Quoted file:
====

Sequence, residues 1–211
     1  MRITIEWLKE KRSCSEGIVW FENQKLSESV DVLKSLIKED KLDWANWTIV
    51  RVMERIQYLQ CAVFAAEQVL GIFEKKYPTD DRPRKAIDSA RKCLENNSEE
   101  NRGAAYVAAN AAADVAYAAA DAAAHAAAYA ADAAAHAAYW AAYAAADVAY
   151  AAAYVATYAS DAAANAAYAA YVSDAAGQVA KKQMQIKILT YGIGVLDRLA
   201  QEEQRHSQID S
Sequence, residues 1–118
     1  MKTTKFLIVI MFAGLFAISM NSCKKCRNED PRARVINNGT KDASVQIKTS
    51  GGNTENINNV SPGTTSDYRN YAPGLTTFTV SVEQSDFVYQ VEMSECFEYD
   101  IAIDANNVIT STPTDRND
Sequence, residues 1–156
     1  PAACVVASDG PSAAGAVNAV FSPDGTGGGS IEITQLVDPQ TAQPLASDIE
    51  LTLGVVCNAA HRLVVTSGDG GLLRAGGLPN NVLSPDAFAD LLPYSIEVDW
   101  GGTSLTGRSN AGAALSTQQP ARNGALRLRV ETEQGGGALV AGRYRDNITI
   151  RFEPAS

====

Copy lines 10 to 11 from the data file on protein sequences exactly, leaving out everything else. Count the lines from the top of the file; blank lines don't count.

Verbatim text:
   101  IAIDANNVIT STPTDRND
Sequence, residues 1–156